how to improve concentration

How To Improve Concentration (Our Top 10 Tips)

If your consumption of coffee has significantly increased since the start of the pandemic – you’re not alone.

Ever since the world started working from home, everything has moved online. And even though there are so many benefits to taking a more flexible approach to working life, more and more are feeling overwhelmed by the sheer level of intensity that the past 12 months have lumbered us with.

Notifications are constant. Video calls are endless. And we now live and work in the same room and almost all aspects of our lives are consumed through a screen.

The usual balance and harmony that working in the office normally brings have been taken away and it’s not uncommon to feel oversaturated right now.

And we’re seeing this being reflected in our mood, our energy levels, our capacity for creativity and of course, our concentration levels.

So, what’s the answer?

Being able to get out and about again is going to have the biggest impact in terms of our mental wellbeing because we’ll simply have more variety and be able to see our friends and families again. Parents will also get the respite they need to be able to cope better.

In the meantime, here are a few tips for helping you regain some focus while working from home.


Tips for improving focus and concentration

1) Write down how you feel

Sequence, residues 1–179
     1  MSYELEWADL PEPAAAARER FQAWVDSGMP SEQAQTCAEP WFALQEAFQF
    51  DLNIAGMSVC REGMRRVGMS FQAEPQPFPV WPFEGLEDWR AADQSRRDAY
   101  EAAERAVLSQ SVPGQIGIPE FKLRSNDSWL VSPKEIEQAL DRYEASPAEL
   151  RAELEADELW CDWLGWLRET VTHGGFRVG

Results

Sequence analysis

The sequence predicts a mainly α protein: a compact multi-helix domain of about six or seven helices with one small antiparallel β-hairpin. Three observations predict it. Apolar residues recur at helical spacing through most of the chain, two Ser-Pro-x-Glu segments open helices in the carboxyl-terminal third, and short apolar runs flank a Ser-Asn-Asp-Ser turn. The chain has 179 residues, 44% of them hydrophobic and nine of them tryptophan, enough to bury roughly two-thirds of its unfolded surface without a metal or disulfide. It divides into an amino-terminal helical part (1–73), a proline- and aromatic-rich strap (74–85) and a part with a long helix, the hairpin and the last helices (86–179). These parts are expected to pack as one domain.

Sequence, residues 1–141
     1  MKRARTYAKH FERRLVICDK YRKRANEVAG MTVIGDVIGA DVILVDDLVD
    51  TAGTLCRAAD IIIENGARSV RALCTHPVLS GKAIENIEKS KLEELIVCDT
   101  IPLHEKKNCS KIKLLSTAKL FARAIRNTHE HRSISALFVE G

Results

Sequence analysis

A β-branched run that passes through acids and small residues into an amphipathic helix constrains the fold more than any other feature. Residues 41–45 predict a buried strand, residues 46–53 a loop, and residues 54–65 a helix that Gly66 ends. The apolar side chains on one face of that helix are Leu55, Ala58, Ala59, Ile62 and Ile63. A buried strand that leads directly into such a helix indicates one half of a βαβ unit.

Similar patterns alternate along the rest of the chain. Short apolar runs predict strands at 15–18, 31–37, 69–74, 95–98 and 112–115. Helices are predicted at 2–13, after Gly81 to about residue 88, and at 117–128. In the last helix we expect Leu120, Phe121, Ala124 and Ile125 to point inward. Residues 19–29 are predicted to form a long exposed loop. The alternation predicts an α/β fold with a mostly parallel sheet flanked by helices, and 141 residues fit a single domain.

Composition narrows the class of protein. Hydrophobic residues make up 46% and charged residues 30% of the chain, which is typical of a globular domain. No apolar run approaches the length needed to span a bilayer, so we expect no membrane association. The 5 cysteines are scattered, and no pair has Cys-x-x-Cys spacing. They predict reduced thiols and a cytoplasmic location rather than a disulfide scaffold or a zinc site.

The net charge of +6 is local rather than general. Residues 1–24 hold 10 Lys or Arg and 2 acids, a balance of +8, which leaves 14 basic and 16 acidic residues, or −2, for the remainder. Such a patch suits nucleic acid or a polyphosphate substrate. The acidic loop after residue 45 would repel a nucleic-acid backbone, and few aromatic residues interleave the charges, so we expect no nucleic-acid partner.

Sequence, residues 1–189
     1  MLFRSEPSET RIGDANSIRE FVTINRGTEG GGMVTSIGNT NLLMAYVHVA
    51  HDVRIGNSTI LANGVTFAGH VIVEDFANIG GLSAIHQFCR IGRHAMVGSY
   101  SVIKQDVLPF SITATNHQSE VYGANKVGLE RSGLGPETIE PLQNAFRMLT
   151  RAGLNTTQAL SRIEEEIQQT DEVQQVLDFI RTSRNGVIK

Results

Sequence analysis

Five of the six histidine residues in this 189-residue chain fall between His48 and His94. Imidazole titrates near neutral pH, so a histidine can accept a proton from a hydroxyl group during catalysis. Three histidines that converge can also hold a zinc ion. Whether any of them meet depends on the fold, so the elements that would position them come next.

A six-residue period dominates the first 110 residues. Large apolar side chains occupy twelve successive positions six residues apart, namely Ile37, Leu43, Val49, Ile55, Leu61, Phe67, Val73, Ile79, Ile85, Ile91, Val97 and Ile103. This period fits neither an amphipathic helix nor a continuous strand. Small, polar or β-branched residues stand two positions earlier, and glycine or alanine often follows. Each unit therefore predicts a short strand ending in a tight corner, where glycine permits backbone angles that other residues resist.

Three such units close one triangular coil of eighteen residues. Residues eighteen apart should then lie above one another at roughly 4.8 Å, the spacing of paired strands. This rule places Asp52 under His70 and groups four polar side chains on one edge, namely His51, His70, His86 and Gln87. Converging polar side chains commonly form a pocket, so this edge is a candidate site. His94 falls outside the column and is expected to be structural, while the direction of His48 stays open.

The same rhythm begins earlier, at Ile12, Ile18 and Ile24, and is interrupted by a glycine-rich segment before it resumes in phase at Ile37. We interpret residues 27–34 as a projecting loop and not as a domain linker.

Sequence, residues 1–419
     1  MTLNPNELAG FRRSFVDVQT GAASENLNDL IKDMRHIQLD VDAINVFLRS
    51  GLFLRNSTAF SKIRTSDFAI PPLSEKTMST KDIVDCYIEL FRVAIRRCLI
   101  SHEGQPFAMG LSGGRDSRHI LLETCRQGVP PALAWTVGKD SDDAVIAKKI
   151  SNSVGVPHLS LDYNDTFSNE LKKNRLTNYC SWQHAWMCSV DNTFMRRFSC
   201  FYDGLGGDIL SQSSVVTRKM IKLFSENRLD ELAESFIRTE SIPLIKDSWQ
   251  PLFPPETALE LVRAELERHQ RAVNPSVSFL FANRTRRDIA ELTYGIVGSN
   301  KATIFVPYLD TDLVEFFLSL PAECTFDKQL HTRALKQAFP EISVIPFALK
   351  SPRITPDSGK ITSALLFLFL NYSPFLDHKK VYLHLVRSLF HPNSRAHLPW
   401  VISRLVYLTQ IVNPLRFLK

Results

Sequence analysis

Emotions are in excess right now and many of us are feeling the stresses and anxieties that the pandemic has thrown at us.

This isn’t a normal situation, so trying to shoehorn normality into an abnormal situation probably isn’t going to work.

One of the kindest things you can do for yourself right now is ask yourself how you are and write it down. This not only gives you the time to acknowledge how you’re feeling but it also helps you to focus your thoughts.

And once you have got everything down, your mind is more free and able to cope with whatever the day has in store.


2) Shorten your to do list

Many are feeling overwhelmed right now and adding a huge, long to-do list on top of everything isn’t going to help matters!

Break up your list into smaller activities and only give yourself one or two at a time. That way your focus isn’t jumping from thing to thing. You literally have one thing to do and that’s it – focus on that.


3) Keep up your lunchtime walks

Walks are a real lifeline right now and getting outside is great for your mental wellbeing – as well as your physical health.

No matter the weather, you will rarely regret heading out and switching up your focus.

Staying in front of your screen all day won’t help you get more done – it might even hinder your productivity as you start to feel burnt out.


4) Nourish your brain

Working from home has its benefits and doing away with squashed sandwiches and bruised bananas is one of them.

Bring happiness to your day with nourishing foods that are good for your brain and give you the vitamins and energy you need to stay focused.

Try new recipes and don’t forget to hydrate with lots of water too!


5) Limit your distractions

Since the start of lockdown, our number of WhatsApp groups, Teams channels and Messenger Chats has gone through the roof. And although it’s nice to have those lines of contact with our friends and social groups, they’re not helping us focus.